Figure 1 describes the impact of frame description on decision-making behavior and attitude. The results indicated that there was a significant framing effect in medical decision-making behavior (t 128, 130 = -3.24，P < 0.01). Framing description also influenced the attitude of participants to both surgery (t 108.56, 124 = 4.08，P < 0.01) and radioactive treatment programs (t 121, 123 = -2.15, P < 0.05).
Figure 1. The Impacts of Framing Description on Medical Decision Making Behavior and Attitudes to Decisions Made by Others
Data presented as Mean ± SE
The current study demonstrated that an attitude-behavior discrepancy existed in medical situations, and framing description could not only influence people’s decision-making behavior, but also their attitudes to the decisions made by others. Participants who had received a description including survival rates were more inclined to risky surgery treatment, compared with those presented with mortality rates, which is consistent with many previous studies (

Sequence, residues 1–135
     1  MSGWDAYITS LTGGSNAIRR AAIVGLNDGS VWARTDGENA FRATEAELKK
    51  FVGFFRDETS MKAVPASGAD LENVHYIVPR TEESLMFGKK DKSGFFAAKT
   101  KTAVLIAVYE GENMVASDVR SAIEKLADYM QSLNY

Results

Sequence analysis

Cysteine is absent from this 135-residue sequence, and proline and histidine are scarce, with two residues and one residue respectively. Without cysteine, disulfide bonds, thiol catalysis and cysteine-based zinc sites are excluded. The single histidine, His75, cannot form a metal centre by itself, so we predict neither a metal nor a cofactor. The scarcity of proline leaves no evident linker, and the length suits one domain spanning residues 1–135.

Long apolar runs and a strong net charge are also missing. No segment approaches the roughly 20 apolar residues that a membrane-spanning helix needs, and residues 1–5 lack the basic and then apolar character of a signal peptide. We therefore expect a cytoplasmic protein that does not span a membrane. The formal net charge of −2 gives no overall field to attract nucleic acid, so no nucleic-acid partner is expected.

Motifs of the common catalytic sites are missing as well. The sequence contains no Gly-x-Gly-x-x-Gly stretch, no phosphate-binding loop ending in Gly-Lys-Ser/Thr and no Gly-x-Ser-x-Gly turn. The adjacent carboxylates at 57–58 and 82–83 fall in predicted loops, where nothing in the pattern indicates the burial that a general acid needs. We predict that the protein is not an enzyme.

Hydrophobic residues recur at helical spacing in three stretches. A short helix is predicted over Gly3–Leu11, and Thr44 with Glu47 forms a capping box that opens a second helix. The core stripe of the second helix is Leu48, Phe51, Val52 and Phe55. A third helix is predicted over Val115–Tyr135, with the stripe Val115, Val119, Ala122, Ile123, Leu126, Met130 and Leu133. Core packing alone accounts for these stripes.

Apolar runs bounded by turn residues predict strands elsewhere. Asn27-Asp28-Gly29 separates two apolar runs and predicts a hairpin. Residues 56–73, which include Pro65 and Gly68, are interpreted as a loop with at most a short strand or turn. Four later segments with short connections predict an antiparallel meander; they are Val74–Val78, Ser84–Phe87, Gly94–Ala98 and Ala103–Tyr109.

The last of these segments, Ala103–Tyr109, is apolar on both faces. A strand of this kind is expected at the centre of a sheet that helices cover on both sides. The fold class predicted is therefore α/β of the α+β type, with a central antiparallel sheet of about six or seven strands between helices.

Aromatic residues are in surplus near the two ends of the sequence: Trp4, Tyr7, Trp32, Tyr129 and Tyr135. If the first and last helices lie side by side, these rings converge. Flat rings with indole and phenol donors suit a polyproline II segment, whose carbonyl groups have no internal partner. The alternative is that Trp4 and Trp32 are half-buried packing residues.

12, 15, 16). This effect is because when participants consider treatment options based on survival rates they may have regarded them as an opportunity rather than as a threat. While when given mortality information alone, this may have focused their attention on the threat of death. Numerous studies have indicated that when decision makers perceive opportunities more than threats, they are more inclined to take risks. In contrast, when they perceive more threats than opportunities, they are more conservative ( 17- 19). This study mainly proved the existence of attitude-behavior discrepancy in medical situations. If the problem was described with survival rates, the participants had no preference for either surgery or radioactive treatment when making medical decisions for their relatives. It was logically easy to infer that people should neither support nor oppose either of the two treatments. However, the results showed that participants had a uniformly negative attitude, no matter which available treatment option was chosen. Likewise, the participants had a significant preference for radioactive treatment over surgery when making medical decisions for relatives, when the description had a negative frame. If attitude was always in accordance with behavior, people should have supported doctors to take on radioactive treatment. However, the results indicated that participants still opposed doctors’ decisions, regardless of which available treatment option was chosen. There is a discrepancy between behavior and attitude, which is in line with prior reports ( 1- 3). This effect may be caused by the automatic subjective aversion to the decisions made by others. In addition, people are not likely to take risks and responsibilities of supporting one of the available treatment programs. When decisions are made, opposition is always safe and not responsible. The results of the current study reflect the truth to some extend. In medical practice, dissatisfaction and complaints from patients and their relatives may not necessarily be because these decisions are not suitable, as patients and their relatives may oppose all available treatment programs. Based on the results of the current study, it can be concluded that the current policy, according to which critical medical decisions should be made by patients and their relatives, is an appropriate measure as it reduces medical-patient conflict and the stress place on medical professionals.